Elusive 'hot' electrons captured in ultra-thin solar cells

Dec 11, 2009

Boston College researchers have observed the "hot electron" effect in a solar cell for the first time and successfully harvested the elusive charges using ultra-thin solar cells, opening a potential avenue to improved solar power efficiency, the authors report in the current online edition of Applied Physics Letters.

When light is captured in , it generates in a range of energy states. But in order to snare these charges, the electrons must reach the bottom of the conduction band. The problem has been that these highly energized "hot" electrons lose much of their energy to heat along the way.

Hot electrons have been observed in other devices, such as semiconductors. But their high can cause these electrons, also known as "hot carriers," to degrade a device. Researchers have long theorized about the benefits of harnessing hot electrons for through so-called "3rd generation" devices.

By using ultrathin solar cells - a film fewer than 30 nanometers thick - the team developed a mechanism able to extract hot electrons in the moments before they cool - effectively opening a new "escape hatch" through which they typically don't travel, said co-author Michael J. Naughton, the Evelyn J. and Robert A. Ferris Professor of Physics at Boston College.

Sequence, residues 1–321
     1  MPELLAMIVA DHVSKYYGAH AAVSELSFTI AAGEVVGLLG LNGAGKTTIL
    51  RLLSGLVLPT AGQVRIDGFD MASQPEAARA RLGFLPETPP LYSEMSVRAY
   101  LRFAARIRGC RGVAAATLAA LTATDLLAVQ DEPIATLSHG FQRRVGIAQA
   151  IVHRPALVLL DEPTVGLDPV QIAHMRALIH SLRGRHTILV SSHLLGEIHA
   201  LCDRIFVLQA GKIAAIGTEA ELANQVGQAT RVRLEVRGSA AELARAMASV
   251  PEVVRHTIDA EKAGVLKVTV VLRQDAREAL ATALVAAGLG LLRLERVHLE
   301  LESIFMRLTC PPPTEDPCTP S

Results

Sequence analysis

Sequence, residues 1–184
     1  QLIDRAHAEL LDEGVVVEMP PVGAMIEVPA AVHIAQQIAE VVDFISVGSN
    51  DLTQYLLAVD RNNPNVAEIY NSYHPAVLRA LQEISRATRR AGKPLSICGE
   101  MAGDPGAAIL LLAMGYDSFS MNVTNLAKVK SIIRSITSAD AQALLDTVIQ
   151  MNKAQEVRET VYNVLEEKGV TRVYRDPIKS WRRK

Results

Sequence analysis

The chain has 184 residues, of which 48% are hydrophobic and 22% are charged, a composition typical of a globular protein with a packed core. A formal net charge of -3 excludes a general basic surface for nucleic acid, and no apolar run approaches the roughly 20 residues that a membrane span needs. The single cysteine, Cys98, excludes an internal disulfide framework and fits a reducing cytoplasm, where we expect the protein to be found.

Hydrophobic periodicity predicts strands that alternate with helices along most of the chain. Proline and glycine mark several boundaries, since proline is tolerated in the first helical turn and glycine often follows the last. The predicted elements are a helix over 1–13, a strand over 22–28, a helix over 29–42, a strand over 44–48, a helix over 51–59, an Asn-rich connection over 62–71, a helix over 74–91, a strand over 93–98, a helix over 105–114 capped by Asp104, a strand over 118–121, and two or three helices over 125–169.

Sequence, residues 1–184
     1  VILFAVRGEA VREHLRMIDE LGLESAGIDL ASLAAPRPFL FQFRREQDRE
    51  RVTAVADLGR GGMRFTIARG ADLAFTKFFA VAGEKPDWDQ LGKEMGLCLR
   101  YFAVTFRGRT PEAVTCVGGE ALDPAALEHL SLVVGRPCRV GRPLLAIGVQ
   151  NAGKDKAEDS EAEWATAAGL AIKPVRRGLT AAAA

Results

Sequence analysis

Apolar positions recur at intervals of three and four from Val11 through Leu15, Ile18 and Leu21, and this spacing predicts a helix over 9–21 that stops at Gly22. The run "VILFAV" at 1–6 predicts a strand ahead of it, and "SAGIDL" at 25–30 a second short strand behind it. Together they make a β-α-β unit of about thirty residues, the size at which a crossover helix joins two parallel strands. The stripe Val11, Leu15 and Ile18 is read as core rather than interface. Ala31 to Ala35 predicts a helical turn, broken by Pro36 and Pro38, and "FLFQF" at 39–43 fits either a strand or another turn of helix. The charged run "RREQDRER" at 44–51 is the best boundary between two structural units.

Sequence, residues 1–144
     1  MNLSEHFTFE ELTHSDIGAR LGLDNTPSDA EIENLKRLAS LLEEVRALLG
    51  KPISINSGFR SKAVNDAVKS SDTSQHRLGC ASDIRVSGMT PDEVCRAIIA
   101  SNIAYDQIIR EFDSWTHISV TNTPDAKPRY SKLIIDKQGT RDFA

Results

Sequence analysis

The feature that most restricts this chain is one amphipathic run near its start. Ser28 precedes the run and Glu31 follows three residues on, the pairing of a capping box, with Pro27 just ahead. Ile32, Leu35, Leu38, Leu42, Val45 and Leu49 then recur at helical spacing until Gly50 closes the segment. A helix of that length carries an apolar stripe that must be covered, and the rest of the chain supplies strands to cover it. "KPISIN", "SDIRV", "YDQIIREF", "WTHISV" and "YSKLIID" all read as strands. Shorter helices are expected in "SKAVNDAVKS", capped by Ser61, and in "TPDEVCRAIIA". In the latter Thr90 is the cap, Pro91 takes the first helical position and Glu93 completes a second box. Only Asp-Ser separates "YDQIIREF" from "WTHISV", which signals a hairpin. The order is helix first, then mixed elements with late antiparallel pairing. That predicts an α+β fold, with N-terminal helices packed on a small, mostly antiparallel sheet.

The team's success centered on minimizing the environment within which the electrons are able to escape, said Professor of Physics Krzysztof Kempa, lead author of the paper.

Kempa compared the challenge to trying to heat a swimming pool with a pot of boiling water. Drop the pot into the center of the pool and there would be no change in temperature at the edge because the heat would dissipate en route. But drop the pot into a sink filled with cold water and the heat would likely raise the temperature in the smaller area.

"We have shrunk the size of the solar cell by making it thin," Kempa said. "In doing so, we are bringing these hot electrons closer to the surface, so they can be collected more readily. These electrons have to be captured in less than a picosecond, which is less than one trillionth of a second."

The ultrathin cells demonstrated overall power conversion efficiency of approximately 3 percent using absorbers one fiftieth as thick as conventional cells. The team attributed the gains to the capture of hot electrons and an accompanying reduction in voltage-sapping heat. The researchers acknowledged the film's efficiency is limited by the negligible light collection of ultra-thin junctions. However, combining the film with better light-trapping technology - such as nanowire structures - could significantly increase efficiency in an ultra-thin hot electron solar cell technology.

Source: Boston College (news : web)

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nanomvp
not rated yet Dec 11, 2009
What is the lower energy limit for "hot"?
joekid
5 / 5 (1) Dec 11, 2009
Has anybody tried to get all these solar cell concepts and breakthrough together. combining some or all may work to create a system that goes way beyond 30% conversion of captured and utilized power.
tkjtkj
5 / 5 (1) Dec 14, 2009
The Three Laws of Conservation of Energy:

1) Never stand when you can sit.
2) Never sit when you can lie down.
3) Never remain awake when you can sleep.

May you all have a wonderful holiday !

tkjtkj